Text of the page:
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+/-3.5v to 0-100k resistance conversion circuit help please!

Discussion in 'Electronic Projects Design/Ideas/Reviews' started by djpubba, Jan 4, 2006.

  1. djpubba

    djpubba New Member

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    That's easy to deal with. The software lets me flip axis.

    The software's calibration will take care of any varience in the min and max.

    This new change lets me adjust the min down to 31 and the max to 999. That's the good part. The bad part is that when I do that, the center is at 57 instead of 500. :(
     
  2. ljcox

    ljcox Well-Known Member

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    Here is a spreadsheet that does the calculations for Ron's latest circuit.

    Change cells E3 and F3 to give the effect of changing the pots.
     

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  3. djpubba

    djpubba New Member

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    Yup. Those currents are pretty close to what I get when I measure it. But it doesn't give the desired results. With Ron's circuit, the range that seems to produce the desired results is:


    Right -- 1 mA
    Center -- 60 µA
    Left -- 30 µA

    For kicks I measured the current with a plain ol 100k pot hooked up to the PC.

    Right -- .49 mA (I have to guess on this since my meter has a dead spot between 400 µA and .5 mA).
    Center -- 94.2 µA
    Left -- 49.3 µA

    Weird?
     
  4. dave

    Dave New Member

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  5. ljcox

    ljcox Well-Known Member

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    I have not studied your latest post yet. here is an update of the xls to include the deflection figures. The Def figures are partly guess work, based on what you have posted previously.

    But nevertheless, it should be reasonably close. As you can see in the graph of Def, it is very non linear.

    I expect that this is because the computer uses an RC timer which varies with the pot setting. This will therefore be an expotential function and thus not linear.

    Whereas Ron's circuit gives a very linear translation from the voltage in to the current out. I don't know how we can fix this.

    I'll look at your latest figures. Please check my latest, ie. confirm whether the Def and current figures are accurate.
     

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  6. djpubba

    djpubba New Member

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    Seems accurate.

    Should we go back to trying to get the LED/LDR pair tweaked? :roll:
     
  7. ljcox

    ljcox Well-Known Member

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    That's what I was thinking. Try this while and let us know the results.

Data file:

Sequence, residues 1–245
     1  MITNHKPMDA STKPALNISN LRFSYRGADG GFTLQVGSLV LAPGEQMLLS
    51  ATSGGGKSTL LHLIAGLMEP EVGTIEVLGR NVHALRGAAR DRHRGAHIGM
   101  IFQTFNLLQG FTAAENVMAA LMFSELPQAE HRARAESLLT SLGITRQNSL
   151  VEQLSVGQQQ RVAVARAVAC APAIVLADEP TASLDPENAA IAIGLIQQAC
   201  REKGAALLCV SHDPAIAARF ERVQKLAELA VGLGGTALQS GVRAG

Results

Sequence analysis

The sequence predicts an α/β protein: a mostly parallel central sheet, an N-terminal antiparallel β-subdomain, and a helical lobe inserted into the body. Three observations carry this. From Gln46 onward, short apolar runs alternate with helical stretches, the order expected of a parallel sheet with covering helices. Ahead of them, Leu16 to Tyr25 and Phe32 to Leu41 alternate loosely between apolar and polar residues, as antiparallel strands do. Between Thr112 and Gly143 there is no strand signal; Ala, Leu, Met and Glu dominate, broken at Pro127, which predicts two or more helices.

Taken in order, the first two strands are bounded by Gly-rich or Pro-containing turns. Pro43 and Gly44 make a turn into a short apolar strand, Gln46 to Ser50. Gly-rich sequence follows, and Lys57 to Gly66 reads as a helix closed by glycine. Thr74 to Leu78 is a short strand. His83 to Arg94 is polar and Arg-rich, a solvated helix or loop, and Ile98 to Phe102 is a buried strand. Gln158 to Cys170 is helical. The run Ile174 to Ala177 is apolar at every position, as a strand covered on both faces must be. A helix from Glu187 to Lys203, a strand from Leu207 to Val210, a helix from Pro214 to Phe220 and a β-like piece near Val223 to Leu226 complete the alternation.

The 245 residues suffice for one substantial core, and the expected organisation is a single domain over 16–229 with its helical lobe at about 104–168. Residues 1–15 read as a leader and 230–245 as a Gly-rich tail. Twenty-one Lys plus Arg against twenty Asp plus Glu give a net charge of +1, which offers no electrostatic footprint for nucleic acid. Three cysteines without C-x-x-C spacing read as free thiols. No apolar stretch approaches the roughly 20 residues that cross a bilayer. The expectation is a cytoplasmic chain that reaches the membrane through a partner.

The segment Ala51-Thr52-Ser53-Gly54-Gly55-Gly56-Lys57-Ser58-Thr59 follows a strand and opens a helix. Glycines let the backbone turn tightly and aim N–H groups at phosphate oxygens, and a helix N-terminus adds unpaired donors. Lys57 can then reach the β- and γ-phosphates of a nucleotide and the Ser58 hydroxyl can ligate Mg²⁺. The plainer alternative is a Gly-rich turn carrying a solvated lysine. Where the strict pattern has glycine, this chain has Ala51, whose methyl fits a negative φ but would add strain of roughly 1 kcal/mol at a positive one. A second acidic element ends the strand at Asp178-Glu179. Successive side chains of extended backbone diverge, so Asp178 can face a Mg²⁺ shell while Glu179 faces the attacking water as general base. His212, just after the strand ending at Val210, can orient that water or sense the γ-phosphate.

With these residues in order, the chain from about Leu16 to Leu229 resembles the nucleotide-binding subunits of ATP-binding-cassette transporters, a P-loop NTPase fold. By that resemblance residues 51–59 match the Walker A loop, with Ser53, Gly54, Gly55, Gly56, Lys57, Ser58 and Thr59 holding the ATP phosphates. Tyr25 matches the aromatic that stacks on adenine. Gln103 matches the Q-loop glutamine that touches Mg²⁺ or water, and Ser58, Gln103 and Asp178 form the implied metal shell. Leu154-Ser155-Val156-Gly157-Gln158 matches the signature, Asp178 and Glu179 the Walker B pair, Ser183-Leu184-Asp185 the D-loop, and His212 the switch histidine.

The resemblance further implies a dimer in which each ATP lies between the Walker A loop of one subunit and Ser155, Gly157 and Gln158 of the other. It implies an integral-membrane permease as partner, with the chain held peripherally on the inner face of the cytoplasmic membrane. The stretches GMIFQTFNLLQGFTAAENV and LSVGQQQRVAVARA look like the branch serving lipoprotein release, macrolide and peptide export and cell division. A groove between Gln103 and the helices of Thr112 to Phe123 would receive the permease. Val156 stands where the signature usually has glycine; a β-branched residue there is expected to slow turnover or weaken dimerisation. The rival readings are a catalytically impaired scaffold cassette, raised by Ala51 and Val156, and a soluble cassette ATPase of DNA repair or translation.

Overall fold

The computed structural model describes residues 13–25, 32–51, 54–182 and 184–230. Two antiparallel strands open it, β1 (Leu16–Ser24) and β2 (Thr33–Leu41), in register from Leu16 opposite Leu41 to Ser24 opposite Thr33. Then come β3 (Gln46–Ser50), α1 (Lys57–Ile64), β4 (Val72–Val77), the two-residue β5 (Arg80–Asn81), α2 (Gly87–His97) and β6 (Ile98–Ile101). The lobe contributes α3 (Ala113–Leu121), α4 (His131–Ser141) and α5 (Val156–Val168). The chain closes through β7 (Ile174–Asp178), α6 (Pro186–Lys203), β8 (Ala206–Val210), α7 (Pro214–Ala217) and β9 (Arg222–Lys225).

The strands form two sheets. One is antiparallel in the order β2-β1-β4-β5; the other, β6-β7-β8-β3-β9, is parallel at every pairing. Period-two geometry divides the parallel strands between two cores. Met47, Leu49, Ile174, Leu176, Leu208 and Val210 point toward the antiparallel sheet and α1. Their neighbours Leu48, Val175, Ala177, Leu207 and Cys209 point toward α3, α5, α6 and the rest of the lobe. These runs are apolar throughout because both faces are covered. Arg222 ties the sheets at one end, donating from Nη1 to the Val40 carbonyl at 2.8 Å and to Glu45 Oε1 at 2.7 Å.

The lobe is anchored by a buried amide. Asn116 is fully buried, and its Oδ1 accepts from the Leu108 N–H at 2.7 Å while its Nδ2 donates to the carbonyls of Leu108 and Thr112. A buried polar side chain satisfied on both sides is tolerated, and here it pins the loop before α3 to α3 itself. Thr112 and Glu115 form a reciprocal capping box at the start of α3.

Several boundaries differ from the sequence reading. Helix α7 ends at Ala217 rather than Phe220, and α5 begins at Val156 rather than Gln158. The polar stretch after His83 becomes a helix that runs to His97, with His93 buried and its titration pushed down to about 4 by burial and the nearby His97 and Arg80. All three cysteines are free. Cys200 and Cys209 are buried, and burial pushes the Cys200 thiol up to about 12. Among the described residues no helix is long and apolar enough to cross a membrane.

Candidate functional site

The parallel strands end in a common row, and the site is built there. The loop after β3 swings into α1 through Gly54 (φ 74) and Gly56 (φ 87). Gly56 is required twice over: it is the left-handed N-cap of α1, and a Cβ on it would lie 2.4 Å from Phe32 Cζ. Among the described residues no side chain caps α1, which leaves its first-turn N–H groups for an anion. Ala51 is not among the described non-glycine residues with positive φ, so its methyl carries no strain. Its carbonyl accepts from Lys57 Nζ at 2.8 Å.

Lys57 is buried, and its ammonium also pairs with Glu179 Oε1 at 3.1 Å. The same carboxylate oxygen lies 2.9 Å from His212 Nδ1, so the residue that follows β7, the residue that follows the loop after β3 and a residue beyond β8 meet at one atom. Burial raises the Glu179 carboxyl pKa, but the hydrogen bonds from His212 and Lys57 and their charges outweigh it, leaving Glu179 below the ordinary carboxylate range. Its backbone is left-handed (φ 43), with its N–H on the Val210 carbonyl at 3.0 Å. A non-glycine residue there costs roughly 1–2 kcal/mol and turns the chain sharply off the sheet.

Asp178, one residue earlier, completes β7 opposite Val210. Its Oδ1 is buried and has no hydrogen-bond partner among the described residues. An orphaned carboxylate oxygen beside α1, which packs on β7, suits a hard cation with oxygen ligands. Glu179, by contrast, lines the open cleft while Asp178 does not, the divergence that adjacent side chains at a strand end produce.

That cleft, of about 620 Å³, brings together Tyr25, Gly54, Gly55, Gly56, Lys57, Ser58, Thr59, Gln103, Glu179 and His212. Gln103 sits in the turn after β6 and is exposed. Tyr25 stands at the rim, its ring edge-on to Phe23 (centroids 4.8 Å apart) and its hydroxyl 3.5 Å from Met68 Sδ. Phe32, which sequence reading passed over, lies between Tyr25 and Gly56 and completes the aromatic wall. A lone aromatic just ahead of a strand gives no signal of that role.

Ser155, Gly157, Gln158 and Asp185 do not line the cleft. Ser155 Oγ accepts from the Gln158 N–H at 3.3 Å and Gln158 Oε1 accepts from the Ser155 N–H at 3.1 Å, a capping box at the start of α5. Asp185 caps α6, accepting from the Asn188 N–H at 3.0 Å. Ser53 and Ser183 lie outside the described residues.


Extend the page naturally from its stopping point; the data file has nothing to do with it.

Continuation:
Look at Ron's original circuit. Remove Q2, Q3, R6 & R7 and connect the LED between +5V and the collector of Q1.

    Make R5 = 390 Ohm and R1 2 k.

    In the meantime I'll post an outline of a possibly better version.
     
  8. ljcox

    ljcox Well-Known Member

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    Here it the basic idea.
     

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  9. Roff

    Roff Well-Known Member

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    You can buy a part with two LDRs and an LED in one package. Both LDRs are illuminated by the same LED, so they track pretty well. I used a similar concept years ago (1972?) to make a video gain control that didn't require running the video to a front-panel pot.
    Regarding the 100k pot nonlinearity: Any monostable, including the one you are interfacing with, will have a timeout T=k*R*C, i.e., the time should be proportional to R. If the pot is linear, the time should be proportional to rotation angle. In this case, it seems like the 100k pot is nonlinear, and has been compensated for in software. Does anyone see the flaw in this logic?
     
  10. ljcox

    ljcox Well-Known Member

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    djpubba,
    Was the 100k pot you used linear?
     
  11. ljcox

    ljcox Well-Known Member

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    I have looked at your previous posts and realise I did not answer this question. You can shift it by about 0.5 V by inserting a diode in the "-5V" connection. Anode to the "-5V" and cathode to gnd.

    If necessary, you could connect a pot (20 k or greater) in parallel with it to allow fine adjustment.
     
  12. djpubba

    djpubba New Member

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    Yes. The pot was linear. 50k gave 500 on screen (or close). 75k gave 750, etc.
     
  13. Roff

    Roff Well-Known Member

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    We may have to forget LDRs. Here are excerpts from a couple of spec sheets. Note the response times, especially turn-off times. A feedback loop can deal with turn-on, but turn-off is basically open-loop, I believe.

    PS I have a few of these, but I haven't tested them.

    ********************************
    Part Number = CLM8500/2
    Description = Light-Dependent-Resistor-Output Optocoupler
    Manufacturer = Various
    Number of Input Channels = 1
    Number of Output Channels = 1
    Input Type = LED Lamp
    Photocell Type = LDR
    P(D) Max.(W) Power Dissipation = 125m
    V(BR)Out Min.(V)Breakdown Volt = 100
    I(IN) Min.(A)Control In. Curr. = 15m
    V(IN) Min.(V)Control In. Volt. = 2.8